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~Francoise Bui, Executive Editor, Delacorte Press

“loved being a guest editor at the writing and illustrating for young readers conference-which I happily attended two consecutive years. Not only were the organizers and fellow faculty fun and welcoming, the Utah setting amazing, but I was very impressed by the attendees and their depth of writing talent. It was easy to give cliques and to offer advice. I highly recommend the conference to spring writers. It’s five days well spent."

~Stacy WhitmanEditorial director TU books

"Writing and Illustrating for Young readers is a combination of all the best kinds of children’s lit events:It’s a workshop, a. Networking opportunity, and a conference, with the feel of a retreat. Utah’s strong children’s. Lit community draws excellent teachers from near and far. One of the best tins you can do for your writing career is to learn from experts-and the experts are at WIFYR."

~Kyra Leigh, author of It Will End Like This and Reaper

“Without the WIFYR conference, I would have never had the confidence to submit my book to an agent. As well, I had the chance to meet him in person because he often attends this conference. Nothing but great things to say about WIFYR! ”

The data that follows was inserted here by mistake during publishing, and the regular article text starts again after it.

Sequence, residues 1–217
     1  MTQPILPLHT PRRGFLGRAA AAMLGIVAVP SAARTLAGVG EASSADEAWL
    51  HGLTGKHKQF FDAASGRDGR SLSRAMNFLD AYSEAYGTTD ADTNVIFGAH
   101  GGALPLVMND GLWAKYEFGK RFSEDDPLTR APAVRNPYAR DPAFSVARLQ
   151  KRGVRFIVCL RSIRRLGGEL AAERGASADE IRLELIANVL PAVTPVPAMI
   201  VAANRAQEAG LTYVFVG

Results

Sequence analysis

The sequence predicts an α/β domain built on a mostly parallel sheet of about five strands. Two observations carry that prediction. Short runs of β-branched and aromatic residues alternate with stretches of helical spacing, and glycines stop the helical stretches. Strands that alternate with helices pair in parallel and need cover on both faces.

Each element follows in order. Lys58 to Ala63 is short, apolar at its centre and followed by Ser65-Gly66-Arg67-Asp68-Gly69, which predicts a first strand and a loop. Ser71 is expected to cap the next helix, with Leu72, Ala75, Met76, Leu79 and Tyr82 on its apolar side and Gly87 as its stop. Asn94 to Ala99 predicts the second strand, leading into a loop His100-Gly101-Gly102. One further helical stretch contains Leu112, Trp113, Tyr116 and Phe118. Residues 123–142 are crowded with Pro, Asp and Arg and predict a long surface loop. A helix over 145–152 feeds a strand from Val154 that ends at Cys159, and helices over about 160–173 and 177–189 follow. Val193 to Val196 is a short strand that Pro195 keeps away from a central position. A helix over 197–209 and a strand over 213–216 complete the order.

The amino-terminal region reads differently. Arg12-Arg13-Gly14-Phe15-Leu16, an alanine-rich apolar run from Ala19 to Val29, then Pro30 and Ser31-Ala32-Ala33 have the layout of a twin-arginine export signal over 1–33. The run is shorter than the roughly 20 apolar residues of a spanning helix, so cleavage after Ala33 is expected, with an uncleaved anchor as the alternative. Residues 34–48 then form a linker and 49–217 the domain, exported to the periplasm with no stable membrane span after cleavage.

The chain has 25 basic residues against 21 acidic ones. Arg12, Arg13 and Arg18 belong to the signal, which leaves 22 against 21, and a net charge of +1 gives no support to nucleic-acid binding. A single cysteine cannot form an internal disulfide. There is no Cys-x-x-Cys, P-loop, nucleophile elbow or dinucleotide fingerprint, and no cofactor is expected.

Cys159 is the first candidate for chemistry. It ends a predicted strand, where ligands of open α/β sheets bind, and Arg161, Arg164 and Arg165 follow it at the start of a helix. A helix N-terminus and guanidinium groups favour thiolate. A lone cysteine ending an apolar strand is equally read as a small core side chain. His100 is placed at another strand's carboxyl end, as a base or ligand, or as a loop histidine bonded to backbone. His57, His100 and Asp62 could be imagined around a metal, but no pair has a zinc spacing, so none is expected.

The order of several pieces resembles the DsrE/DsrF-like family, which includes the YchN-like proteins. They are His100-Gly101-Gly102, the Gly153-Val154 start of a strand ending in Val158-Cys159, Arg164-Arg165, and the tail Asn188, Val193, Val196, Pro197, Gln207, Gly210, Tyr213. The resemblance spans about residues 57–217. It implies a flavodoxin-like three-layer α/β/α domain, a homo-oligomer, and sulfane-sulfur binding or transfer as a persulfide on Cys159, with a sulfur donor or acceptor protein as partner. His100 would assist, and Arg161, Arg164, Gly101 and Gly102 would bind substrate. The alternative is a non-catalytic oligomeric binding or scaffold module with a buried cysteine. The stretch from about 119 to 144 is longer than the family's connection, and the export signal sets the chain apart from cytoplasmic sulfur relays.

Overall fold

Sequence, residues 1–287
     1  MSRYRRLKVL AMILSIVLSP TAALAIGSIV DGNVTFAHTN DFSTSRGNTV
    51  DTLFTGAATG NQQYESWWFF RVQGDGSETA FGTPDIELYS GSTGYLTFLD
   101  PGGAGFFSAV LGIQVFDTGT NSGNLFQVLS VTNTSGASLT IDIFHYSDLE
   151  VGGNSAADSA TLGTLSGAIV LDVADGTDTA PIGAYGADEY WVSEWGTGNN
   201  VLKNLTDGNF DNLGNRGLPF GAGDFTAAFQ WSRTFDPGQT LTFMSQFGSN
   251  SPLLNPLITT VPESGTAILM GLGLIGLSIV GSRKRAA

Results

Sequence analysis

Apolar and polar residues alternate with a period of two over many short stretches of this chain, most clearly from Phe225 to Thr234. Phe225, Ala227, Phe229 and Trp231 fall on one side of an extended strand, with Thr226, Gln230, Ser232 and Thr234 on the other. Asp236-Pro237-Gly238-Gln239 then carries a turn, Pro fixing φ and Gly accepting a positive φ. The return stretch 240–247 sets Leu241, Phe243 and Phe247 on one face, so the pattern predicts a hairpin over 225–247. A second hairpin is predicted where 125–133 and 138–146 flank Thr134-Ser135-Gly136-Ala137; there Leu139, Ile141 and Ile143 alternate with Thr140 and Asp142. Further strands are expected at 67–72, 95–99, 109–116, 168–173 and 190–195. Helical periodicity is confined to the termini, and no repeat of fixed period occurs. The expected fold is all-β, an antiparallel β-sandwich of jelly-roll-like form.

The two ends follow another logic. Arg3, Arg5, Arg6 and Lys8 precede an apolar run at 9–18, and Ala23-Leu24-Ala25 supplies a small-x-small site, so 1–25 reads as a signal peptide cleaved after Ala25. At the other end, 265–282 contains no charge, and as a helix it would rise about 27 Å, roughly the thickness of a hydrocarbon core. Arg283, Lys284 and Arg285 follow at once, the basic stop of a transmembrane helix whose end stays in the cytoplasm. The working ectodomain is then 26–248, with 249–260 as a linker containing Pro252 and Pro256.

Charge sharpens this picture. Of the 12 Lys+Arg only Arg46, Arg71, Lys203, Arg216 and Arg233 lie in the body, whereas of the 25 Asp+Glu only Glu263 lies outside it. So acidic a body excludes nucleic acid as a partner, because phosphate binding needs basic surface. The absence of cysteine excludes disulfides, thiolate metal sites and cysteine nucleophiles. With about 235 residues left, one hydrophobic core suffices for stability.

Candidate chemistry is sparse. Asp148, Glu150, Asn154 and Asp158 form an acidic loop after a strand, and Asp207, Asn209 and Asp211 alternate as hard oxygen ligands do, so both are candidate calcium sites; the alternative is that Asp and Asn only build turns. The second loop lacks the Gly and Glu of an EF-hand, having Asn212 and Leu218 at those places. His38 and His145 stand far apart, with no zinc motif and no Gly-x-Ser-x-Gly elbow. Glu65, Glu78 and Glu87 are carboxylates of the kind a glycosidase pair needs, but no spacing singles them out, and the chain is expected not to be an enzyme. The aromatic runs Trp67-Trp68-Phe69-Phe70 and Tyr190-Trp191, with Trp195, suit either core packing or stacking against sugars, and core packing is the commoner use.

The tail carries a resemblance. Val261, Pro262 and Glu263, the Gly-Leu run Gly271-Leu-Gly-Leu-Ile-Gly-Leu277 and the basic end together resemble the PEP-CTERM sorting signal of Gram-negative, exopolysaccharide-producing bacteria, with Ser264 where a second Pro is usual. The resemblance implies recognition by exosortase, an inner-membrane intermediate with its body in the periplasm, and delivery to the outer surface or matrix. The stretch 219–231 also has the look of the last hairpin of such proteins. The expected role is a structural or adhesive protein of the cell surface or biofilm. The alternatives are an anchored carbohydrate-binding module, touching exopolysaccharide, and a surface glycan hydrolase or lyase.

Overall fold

Afternoon Faculty

Our special guests this year are:

Amy Jameson (agent A+B Works)

Heidi Taylor Gordon (editor from Shadow Mountain)

Kelsy Thompson (editor from Flux and Jolley Fish)

Afternoon Classes

  • Two plenary speakers each day

  • Break-out sessions

  • Hands-on Workshops (HOWs)

… all presented by published authors, agents, and editors

Early Bird Price: $150
($165 After March 31st)

The Power of Yes

Writing opportunities are all around. Saying yes to new challenges gives you the chance to practice your craft and develop your skills. Come learn how stepping out of your comfort zone and developing a growth mindset can make you a better writer. 

Amy Newbold 

Writing for Very Young Children


How to Write in Rhyme (And Not Get Rejected for It!)

Annie Bailey

Class information coming soon! 

Carol Lynch Williams

Best Practices in Representation: Why They Matter And How To Start.
What is "inclusive representation"? Why does it matter? And also... why is it so hard to do it appropriately? In this intensive, we'll describe WHAT inclusive representation is, WHY it matters, and HOW to do it appropriately. The class will end with a Q&A. We want attendees to be able to ask any and all sincere questions, but also understand that this topic can be sensitive. Please send questions ahead of time to

Emily Inouye Huey 

Backstory Wounds: How to Use Trauma to Create a Better Story